Mathews stated, “One time they let us sleep in, I thought it was cool that they let us do that, but what I didn’t know was they were actually setting us up for a 15 mile run through the woods. I did survive but it took everything I had.”

Mathews said, “coming back from boot camp really gave me some insight on what is going to be different. My sleep schedule is totally messed up because waking up at 5 was normal for 14 weeks.”

He looks at life differently now. Going through boot camp showed him that “life isn’t always fair. Sometimes you have to grab the bull by the horns and control it yourself.”

Every student interested in the army must train for the Basic Training Physical Fitness Test. The test consists of three challenges, two minutes of push-ups, two minutes of sit-ups and a timed, two-mile run. The Army bases scores on recruits age, gender, and the amount of time taken for each component. Men and women have the same challenges, but when it comes down to scoring, they are allowed to change the amount of total points you need

“I want to be proud of myself and serve our country with as much pride and spirit as the next guy in line,” said Logan Mathews.

Lastly, Ethan Russi, a senior who is thinking of going to the Marines. Ethan said, “I never really had anyone in my life who influenced me to join the Marines and it’s not like I woke up one day said to myself that I want this. Its one of those things where I did my research and I realized that I wanted the challenge and the feeling of serving my country.”

Russi plans to be a machine technician.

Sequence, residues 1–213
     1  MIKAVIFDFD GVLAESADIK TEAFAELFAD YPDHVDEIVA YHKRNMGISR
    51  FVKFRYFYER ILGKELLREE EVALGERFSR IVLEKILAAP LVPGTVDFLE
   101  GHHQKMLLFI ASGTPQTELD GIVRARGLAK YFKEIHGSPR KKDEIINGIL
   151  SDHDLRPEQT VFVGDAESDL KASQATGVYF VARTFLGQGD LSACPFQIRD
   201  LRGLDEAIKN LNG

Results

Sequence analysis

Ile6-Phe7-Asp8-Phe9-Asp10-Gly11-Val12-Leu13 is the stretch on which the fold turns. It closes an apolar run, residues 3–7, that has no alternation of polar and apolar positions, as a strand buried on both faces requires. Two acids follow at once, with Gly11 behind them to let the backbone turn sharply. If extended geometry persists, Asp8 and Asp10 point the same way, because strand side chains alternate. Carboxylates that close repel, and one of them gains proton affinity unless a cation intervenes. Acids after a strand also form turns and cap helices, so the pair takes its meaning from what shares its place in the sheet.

Machining Technicians for the Marines basically make sure everything is functional and keep everything moving. Machinists also fix major problems when in the field.

“On top of serving my country, the pay is also not bad at all. The Marines will actually pay for your college after your time is done, which is cool because I wanted to be an electrical engineer so being a machinist in the Marines will give me great experience.”

“The good thing about boot camp is that anyone is welcome, but the bad thing is that you can’t just quit or leave, you must stay the entire trip,” said Russi thinking ahead to this summer.

“Running wise I think I have a good grasp on it, I’m able to run for long periods of time while keeping a strong pace, but most importantly I’m fast. Physically I’m not that strong, but hopefully doing this will get me stronger and more fit.”

The United States Marine Corp Physical Fitness Test consists of three components: pull-ups, push-ups and a timed 3 mile run. push-ups and pull-ups are optional — you can pick between the two, but the trick is that the maximum score is only attainable if pull-ups are chosen.

“Before finishing my time in the Marines I would like to accomplish something that not anyone can do, I want to show people that I may be small, but I can do anything I want when I set my mind to it,” said Russi.

At graduation, these three students and others who have committed to military service will be invited to raise the American flag. It is a moving tribute to those students who are willing to sacrifice and face the pressure and courage it takes to serve our country. Dana, Mathew and Ethan are among the proud and the few who have made that decision.